• Periyar’s fame spread beyond the Tamil region during the Vaikom Satyagraha of 1924, a mass movement to demand that lower caste persons be given the right to use a public path in front of the famous Vaikom temple. He would later be referred to as Vaikom Veerar (Hero of Vaikom).
  • In the 1940s, Periyar launched a political party, Dravidar Kazhagam (DK), which espoused an independent Dravida Nadu comprising Tamil, Malayalam, Telugu, and Kannada speakers.
  • As a social reformer, he focused on social, cultural and gender inequalities, and his reform agenda questioned matters of faith, gender and tradition.
  • Periyar died in 1973 at the age of 94. Over the years, Periyar is revered as Thanthai Periyar, the father figure of modern Tamil Nadu.

About Self Respect Movement :

  • Self-Respect Movement was a dynamic social movement aimed at destroying the contemporary Hindu social order in its totality and creating a new, rational society without caste, religion and god.
  • The movement was started by in Tamil Nadu in 1925. It was an egalitarian movement that propagated the ideologies of breaking down of the Brahminical hegemony, equal rights for the backward classes and women in the society and revitalization of the Dravidian languages like Telugu, Tamil, Kannada, and Malayalam.

Social justice and Periyar:

  • Social justice is the view that everyone deserves equal economic, political and social rights and opportunities. Social workers aim to open the doors of access and opportunity for everyone, particularly those in greatest need.
  • Social justice and rationality define “the best possible version of truth” for a large majority of people. (the quality of being based on or in accordance with reason or logic.)
  • Even Periyar would have wanted us to question every concept and framework in the world, and not accept anything, because someone told us so. He converted interested crowds into keen listeners, listeners into avid thinkers, and thinkers into principled politicians and die-hard activists.

Vision for the future :

  • When he presented his thoughts, there was nuance, honesty, and an explicitness, which prompted even people practising different faiths to discuss and debate his ideas on rationality and religion. Periyar himself said, “Everyone has the right to refute any opinion. But no one has the right to prevent its expression.”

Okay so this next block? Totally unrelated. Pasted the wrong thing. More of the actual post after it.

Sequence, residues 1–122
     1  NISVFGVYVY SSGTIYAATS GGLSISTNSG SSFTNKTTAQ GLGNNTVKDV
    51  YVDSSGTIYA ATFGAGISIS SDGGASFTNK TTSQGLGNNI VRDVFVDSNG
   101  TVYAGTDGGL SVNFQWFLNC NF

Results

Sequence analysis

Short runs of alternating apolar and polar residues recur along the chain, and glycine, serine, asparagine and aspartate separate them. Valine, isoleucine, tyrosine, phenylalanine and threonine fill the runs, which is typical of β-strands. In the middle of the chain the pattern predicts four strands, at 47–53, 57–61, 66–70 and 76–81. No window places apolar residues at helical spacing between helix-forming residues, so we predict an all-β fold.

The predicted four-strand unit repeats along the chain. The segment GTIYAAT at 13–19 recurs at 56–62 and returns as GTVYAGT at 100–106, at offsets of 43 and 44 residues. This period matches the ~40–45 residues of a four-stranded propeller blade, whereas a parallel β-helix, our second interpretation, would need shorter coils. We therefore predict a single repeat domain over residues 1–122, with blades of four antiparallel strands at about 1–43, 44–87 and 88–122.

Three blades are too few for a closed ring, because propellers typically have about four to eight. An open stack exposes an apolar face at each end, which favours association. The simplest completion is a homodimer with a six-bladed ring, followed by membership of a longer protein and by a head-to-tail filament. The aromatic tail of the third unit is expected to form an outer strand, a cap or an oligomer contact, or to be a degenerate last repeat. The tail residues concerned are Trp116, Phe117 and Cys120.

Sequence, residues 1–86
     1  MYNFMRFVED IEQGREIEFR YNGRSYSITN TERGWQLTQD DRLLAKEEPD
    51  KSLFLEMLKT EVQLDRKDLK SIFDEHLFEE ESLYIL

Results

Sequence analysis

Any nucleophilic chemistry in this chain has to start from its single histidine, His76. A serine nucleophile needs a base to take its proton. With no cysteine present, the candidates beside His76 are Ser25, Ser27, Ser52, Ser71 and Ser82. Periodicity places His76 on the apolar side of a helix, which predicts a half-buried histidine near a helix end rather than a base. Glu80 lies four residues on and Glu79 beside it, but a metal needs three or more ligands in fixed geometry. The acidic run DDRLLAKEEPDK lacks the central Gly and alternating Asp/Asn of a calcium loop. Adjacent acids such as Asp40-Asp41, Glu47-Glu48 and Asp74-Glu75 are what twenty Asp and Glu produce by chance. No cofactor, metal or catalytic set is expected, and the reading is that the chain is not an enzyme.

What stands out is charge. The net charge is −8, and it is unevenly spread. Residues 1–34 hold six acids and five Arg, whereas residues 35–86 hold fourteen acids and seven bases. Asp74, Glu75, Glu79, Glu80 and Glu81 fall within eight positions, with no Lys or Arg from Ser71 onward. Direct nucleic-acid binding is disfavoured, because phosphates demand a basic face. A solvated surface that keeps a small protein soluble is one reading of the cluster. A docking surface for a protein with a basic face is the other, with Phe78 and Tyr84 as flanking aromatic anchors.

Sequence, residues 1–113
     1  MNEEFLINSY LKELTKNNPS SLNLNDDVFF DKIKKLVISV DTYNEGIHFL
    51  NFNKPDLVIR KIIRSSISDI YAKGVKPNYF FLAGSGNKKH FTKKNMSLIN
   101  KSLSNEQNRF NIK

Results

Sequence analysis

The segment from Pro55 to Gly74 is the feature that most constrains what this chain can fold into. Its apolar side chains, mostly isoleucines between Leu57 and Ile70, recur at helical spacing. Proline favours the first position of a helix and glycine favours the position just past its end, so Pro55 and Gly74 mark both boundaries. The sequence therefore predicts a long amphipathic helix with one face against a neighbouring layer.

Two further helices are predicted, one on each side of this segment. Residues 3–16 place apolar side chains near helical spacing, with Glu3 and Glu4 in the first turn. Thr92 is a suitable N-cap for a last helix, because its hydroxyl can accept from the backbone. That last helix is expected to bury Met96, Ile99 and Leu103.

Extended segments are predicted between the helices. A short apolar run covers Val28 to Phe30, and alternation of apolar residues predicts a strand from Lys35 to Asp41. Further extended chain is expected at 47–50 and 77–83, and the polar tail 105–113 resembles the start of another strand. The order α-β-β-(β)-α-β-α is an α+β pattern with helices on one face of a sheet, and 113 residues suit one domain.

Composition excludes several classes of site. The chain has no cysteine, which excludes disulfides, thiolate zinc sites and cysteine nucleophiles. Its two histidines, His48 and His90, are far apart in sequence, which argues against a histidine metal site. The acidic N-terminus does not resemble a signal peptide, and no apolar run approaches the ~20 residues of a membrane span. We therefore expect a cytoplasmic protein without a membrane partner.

• Periyar is often referred to as an iconoclast, a person who attacks or criticizes cherished beliefs or institutions.
  • He was so called for the rebellious nature of his ideas and the vigour with which he acted. His vision for the future was a part of all his actions. He did not merely aim at the eradication of social evils; he also wanted to put an end to activities that do not collectively raise standards of society. The radical nature of his ideas drew constant opposition.

Foundation of rationalism :

  • Periyar’s vision was about inclusive growth and freedom of individuals. He presented rationalism as a solid foundation for thinking along these lines. He said, “Wisdom lies in thinking. The spearhead of thinking is rationalism.”
  • Periyar said, “Any opposition not based on rationalism or science or experience, will one day or other, reveal the fraud, selfishness, lies, and conspiracies.” We can posit this with regard to the extreme-right activities we see happening across the country and sometimes abroad too.
  • Periyar was way ahead of his time. All the reforms he shared with people could not be implemented at the time because of the searing discussions they led to.  One such reform measure he felt was needed to change the caste dynamic in society was ‘Priesthood for all castes’.

Relevance of Periyar in current times:

  • On one level, a few people are benefiting greatly from the rampant rise of acts of violence against minorities. These people have such an external defence mechanism that it becomes easy for them to use incendiary rhetoric and get away with it.
  • The discussion that Periyar initiated continues to-date, and is the antithesis to this manner of societal regression. Periyar proclaimed that he would always stand with the oppressed in the fight against oppressors and that his enemy was oppression.
  • Spaces for debate are shrinking all over the world. Majoritarianism and populism are not enabling sensible conversations in any public sphere. At such a time, Periyar stands as a stellar precedent, reminding us of a time when people with opposing ideas were invited to the stage for a debate.


As a part of creating a society with social justice at its core, let us pledge to create open spaces for discussions in our communities. If need be, let us spearhead such activities on whatever scale. Only these spaces have the potential of creating a positive change at an ideological level.